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To evaluate the effectiveness of the Ministry of Food (MoF) cooking programme on self-reported food consumption and confidence with cooking.
A quantitative and qualitative evaluation of the MoF 8-week cooking course, using a pre-test/post-test study. Pre, post and 6-month follow-up quantitative outcomes were measured using self-administered questionnaires to record number of portions of fruit and vegetables (F&V) consumed per day, number of snacks consumed per day and participants’ cooking confidence levels (highest score of 5). Qualitative evaluations were undertaken using structured telephone interviews.
MoF centre in Leeds Kirkgate Market, UK.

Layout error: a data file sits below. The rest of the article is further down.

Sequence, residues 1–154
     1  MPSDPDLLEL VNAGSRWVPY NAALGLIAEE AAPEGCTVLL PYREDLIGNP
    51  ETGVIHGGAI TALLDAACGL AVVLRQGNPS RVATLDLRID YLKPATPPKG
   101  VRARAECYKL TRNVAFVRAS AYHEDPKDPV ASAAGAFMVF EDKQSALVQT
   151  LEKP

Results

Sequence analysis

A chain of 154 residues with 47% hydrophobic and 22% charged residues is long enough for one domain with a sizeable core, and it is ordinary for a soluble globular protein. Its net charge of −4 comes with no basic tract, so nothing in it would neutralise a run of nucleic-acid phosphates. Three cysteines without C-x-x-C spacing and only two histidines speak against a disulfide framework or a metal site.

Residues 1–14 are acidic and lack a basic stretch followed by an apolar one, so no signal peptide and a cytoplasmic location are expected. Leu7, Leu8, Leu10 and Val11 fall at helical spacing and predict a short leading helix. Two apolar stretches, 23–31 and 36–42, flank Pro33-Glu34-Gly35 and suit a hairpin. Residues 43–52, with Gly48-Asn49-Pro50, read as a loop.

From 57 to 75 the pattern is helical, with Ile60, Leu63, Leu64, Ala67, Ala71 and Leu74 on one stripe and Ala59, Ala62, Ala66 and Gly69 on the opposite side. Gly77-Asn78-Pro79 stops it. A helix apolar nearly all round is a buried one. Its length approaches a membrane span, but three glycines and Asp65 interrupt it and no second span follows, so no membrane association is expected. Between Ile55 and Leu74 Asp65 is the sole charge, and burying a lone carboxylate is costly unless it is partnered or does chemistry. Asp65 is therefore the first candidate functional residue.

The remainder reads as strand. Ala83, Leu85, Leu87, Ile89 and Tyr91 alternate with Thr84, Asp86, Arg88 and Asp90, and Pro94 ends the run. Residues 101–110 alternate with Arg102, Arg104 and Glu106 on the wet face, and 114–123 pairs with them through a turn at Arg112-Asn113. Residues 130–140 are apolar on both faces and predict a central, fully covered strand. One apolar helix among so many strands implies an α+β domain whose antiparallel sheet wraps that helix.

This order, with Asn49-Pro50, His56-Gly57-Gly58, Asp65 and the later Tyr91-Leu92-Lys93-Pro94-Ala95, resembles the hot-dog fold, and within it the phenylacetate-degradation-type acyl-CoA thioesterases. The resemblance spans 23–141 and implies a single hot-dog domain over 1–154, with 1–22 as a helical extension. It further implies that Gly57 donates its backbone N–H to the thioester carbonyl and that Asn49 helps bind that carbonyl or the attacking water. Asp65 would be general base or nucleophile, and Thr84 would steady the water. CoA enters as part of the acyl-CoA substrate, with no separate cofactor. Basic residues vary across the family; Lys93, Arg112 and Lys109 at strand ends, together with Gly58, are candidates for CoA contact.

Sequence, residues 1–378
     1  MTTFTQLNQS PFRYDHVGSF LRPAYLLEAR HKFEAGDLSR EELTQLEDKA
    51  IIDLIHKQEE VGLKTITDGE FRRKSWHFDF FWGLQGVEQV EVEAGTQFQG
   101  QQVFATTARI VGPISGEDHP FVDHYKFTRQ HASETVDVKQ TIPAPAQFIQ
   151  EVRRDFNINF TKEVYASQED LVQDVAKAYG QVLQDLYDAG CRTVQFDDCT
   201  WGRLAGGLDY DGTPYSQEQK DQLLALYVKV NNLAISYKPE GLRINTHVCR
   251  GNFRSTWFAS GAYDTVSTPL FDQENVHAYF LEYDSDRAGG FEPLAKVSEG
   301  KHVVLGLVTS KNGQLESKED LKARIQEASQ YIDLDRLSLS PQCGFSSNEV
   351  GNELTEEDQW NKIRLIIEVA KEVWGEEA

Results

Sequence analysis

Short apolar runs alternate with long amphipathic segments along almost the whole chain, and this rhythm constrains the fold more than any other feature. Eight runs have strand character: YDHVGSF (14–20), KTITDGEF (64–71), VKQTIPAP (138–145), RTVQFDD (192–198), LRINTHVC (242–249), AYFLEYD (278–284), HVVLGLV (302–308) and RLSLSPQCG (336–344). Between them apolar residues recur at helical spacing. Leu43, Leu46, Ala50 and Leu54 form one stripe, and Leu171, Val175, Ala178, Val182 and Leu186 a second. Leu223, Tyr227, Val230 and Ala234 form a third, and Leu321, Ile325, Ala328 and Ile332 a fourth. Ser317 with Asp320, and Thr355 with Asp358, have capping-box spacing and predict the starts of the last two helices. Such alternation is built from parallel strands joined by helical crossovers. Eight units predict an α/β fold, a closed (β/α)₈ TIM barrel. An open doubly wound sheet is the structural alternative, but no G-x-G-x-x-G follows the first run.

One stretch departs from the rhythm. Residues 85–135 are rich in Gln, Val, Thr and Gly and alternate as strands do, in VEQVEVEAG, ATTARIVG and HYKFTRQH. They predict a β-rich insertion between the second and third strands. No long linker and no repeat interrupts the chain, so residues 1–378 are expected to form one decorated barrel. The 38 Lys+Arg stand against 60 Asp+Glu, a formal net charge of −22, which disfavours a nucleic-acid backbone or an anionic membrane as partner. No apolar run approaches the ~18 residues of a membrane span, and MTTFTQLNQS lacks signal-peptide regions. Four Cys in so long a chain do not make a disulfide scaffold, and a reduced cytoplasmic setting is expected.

Adults (n 795, 43 % male) on MoF courses from 2010 to 2014, 462 of whom completed questionnaires at all three time points.
Six months after the course, self-reported F&V intake increased significantly by 1·5 (95 % CI 1·3, 1·6, P<0·001) portions per day to 4·1 (95 % CI 4·0, 4·3). The number of snacks reported decreased significantly over the same period by −0·9 (CI−1·0, −0·8, P<0·001) snacks per day. Cooking confidence increased over the same period by 1·7 (95 % CI 1·6, 1·9, P<0·001) to 4·4 (CI 4·4, 4·5). Age and disability, but not deprivation or ethnicity, were associated with changes in self-reported F&V intake and cooking confidence scores at 6 months; and gender with the latter outcome. Qualitative results supported quantitative findings and revealed specific beneficial gains in cooking skills/preparation, nutritional awareness, food purchasing and other social benefits.
MoF community-based cooking interventions can have significant positive effects on dietary behaviour, food choice and cooking confidence.
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